Government and the latest tech don't mix, says UK civil servant of £11B ESN mess

Public sector might want to 'wait a bit' before buying into bleeding edge, Sir Matthew Rycroft muses

Opinion Earlier this year, the prime minister launched the UK government's plan to cement the nations place as "a science and technology superpower by 2030."

However, in the opinion of one of the government's most senior civil servants, the public sector and cutting-edge technology mix about as well as oil and water.

Speaking to Parliament's Home Affairs Committeelate last week, Sir Matthew Rycroft, permanent secretary at the Home Office, responded to a question about whether lessons could be learned from the disastrous upgrade to the blue-light emergency services voice and data network.

The ESN could be up to 12 years late and has seen its expected budget more than double to £11 billion ($13.92 billion). But those concerned about the waste might be reassured to know that at least some collective knowledge has been acquired by the civil service along the way.

Sir Matthew mused that the thing "for me personally, is that the cutting edge of technology is not always the best place to be, if you are a government — not always, although sometimes it should be.

"On this sort of issue [ESN], there are some benefits in going quickly but not being at the absolute cutting edge of technology, because if you are at that edge you end up being buffeted by all the winds of where that technology goes.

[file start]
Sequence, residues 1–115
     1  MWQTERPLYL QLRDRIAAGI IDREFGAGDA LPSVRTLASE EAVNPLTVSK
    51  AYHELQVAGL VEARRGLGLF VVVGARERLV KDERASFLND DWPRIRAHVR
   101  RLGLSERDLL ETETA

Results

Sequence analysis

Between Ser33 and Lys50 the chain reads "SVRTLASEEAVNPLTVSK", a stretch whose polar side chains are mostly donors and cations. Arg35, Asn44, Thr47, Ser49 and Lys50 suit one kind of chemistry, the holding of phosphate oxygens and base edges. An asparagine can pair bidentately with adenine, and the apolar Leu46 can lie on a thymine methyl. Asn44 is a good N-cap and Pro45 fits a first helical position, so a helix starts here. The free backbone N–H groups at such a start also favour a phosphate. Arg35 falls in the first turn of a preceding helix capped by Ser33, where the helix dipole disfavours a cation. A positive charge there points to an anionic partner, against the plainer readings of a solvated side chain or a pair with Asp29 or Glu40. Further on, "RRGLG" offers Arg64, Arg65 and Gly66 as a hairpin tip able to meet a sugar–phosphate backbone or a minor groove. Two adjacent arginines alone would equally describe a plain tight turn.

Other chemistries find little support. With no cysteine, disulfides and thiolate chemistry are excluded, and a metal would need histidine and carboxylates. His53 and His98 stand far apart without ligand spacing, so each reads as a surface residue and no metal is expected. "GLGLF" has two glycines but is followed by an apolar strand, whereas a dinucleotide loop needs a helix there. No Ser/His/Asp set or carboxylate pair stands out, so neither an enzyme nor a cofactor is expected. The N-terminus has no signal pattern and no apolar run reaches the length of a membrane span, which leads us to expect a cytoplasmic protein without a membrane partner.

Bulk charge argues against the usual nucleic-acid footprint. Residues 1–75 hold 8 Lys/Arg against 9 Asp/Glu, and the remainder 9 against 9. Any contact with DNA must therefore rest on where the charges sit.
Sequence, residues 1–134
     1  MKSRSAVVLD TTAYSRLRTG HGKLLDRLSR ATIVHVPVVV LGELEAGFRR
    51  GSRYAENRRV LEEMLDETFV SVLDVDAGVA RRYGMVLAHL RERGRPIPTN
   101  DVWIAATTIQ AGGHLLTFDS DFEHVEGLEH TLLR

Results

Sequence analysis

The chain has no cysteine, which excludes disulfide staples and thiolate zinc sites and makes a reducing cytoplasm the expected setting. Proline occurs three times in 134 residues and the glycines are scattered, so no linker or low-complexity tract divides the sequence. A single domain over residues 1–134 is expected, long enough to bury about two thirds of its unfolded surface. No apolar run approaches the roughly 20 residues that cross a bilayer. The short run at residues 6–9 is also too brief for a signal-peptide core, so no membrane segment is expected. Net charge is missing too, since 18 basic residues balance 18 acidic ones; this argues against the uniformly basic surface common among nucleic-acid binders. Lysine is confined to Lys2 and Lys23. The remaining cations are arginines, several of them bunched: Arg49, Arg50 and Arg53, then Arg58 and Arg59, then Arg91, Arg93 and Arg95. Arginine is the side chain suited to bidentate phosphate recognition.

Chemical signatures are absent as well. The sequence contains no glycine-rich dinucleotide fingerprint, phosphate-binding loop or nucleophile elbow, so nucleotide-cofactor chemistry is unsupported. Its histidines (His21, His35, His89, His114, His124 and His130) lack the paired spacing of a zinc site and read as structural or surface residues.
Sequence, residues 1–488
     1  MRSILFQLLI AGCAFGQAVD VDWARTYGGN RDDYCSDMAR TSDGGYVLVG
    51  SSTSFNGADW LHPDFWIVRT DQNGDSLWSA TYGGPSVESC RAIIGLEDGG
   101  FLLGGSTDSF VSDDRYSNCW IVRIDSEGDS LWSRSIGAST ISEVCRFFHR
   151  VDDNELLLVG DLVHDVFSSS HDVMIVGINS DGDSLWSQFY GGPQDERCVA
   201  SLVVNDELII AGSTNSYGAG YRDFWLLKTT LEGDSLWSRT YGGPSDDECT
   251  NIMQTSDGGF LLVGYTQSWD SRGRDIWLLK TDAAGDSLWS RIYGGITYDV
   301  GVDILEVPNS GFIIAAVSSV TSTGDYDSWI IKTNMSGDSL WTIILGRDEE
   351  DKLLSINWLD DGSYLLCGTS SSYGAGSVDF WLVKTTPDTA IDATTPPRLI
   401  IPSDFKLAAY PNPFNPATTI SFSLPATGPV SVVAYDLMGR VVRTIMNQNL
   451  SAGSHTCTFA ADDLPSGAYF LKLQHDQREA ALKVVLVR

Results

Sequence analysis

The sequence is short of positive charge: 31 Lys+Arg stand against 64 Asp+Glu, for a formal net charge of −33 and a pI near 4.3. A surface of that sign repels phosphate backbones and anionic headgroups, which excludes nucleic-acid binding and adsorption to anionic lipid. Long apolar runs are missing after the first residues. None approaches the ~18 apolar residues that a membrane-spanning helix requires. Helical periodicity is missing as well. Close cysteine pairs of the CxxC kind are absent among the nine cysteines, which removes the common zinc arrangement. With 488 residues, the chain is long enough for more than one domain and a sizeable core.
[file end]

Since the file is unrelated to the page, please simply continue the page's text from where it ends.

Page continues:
"With the benefit of hindsight, it might have been better at the very beginning of this programme, several years ago, to wait a bit and use the existing Airwave programme for a bit longer, which as it happened is what we ended up doing anyway because of the delays. As the technology improves, you can then get the benefit of that technology. That is not a lesson that will always apply, I don't think, but it does in this case," he told MPs.

It's a typically British approach to muddling through, which might be best applied to rearranging a kitchen garden of some tumble-down country pile rather than a 21st-century communications network critical to human life. Nonetheless, the ESN might attract admiration for taking muddling through to a whole new epic scale.

Out with the old, in with the new... yes and the supplier

Adding to the technical delays to the project is a failure to anticipate the commercial consequences of the Home Office's project management on ESN. As both the supplier of the old system — Airwave, based on TETRA technology — and a significant chunk of the replacement ESN, Motorola represented such a potential for a conflict of interest that the the market regulator had to step in.

The Competition and Markets Authority went on to observe that Airwave's market position gave it the "ability to price services above levels the CMA would expect to prevail in a competitive market and results in a detrimental effect on customers."

The regulator has proposed charge controls to limit the price by more than 40 percent. However, Airwave took the issue to the Competition Appeal Tribunal. The first hearing took place in early August, with a ruling to follow.

To prevent the CMA from forcing it to sell Airwave, Motorola walked away from its £400 million ($506 million) contract for ESN in November 2021. The Home Office is going through procurement to replace Motorola on Lot 2 of the contract and expects to appoint a new supplier in 2024.

Rycroft assured MPs that the Home Office was "on track with that stage of the re-procurement" and would update them as soon as possible.

Home Affairs Committee member Simon Fell, a Conservative MP, pointed out that the government had written off £135 million ($157 million) "as a consequence of Motorola leaving the programme."

Rycroft assured MPs he did not "anticipate more write-offs at this stage."

He added: "We have been working hard with Motorola and other commercial partners to ensure that the vast majority of the investments that Motorola has made will be used in the future emergency services network." ®

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